First Steps

By Mark Hutchinson


Issue 32

Mar/Apr 88

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This issue I thought I might explain some mathematical manipulations that have been used in previous columns. It is all very simple so you will not need to book in at your local college for an '0' level maths course!

If you did not already know, the computer contains a section of memory that you can either read or write to called random access memory (RAM) and memory that cannot be written to, called read only memory (ROM).


RAM can be pictured as a series of little boxes, or pigeonholes, each containing a number from 0 to 255. Each number gives the computer a piece of information. As you may know from past articles, memory is made up of millions of little switches (bits) in blocks of eight (this is why your machine is termed 8-bit). Each switch has two conditions, either on or off. Mathematically, any combination of eight with two states means two to the power of eight 256 (0 to 255).

Supposing we want to store numbers greater than 255? For this we must use two memory locations. One is termed the low byte and stores the numbers 0 to 255, equivalent to the units (0 to 9) in decimal. The second is the high byte and stores the multiples of 256's, equivalent to the tens in decimal. What if we want to store 255? This can be stored just in the low byte, as can any number from 0 to 255 but if we had 256 we would store it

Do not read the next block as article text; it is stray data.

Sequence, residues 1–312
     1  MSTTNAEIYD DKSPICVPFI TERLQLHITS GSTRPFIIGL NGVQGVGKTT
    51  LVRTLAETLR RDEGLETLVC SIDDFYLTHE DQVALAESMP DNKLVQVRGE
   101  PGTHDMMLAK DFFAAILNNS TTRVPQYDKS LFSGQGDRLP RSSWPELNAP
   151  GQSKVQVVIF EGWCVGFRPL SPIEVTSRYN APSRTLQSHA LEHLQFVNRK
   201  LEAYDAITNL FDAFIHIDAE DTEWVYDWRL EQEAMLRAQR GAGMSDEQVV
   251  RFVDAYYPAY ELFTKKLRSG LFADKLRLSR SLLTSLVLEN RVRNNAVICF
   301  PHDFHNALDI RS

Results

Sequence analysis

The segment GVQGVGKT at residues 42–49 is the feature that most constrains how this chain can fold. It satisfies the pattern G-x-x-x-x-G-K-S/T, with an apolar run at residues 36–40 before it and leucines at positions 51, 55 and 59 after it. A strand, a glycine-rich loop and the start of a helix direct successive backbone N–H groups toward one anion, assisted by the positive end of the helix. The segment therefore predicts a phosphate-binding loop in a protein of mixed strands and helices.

as 1 in the high byte and clear the low byte to zero.

As an example, I will pick a number at random 57344. This needs to be split into multiples of 256 so first I find the high byte by dividing this number by 256. The result is 224. Any remainder will be less than 256 and will be stored in the low byte. To find the remainder I multiply 224 by 256 and subtract it from 57344. In this case the remainder is zero. If you want to include this in your own programs then it will be as follows,

10 NUMBER = 57344

I should point out here that mathematical equations are worked out in a certain order irrespective of how they appear in a program line. In order of priority they are:

of, e.g. a third of six division


In line 30, therefore, the HIGHBYTE is multiplied by 256 before it is subtracted from NUMBER.


Why do we need to use all this at all? Well, within the RAM are certain locations called POINTERS. A pointer is a signpost. It contains a number which will point to another location in memory. So what is the point of that I hear you pun! Well, let's have an example. Location 756 is just such a pointer. It holds a number that, when multiplied by 256 will send the computer to a location where all the characters are stored. By sheer coincidence, this number just happens to be 224. Now, suppose we stored another character set at 57856. By changing the number stored in location 756 we can send the computer to 57856 for a different character set. This number is, of course, 57856/256 (226 exactly).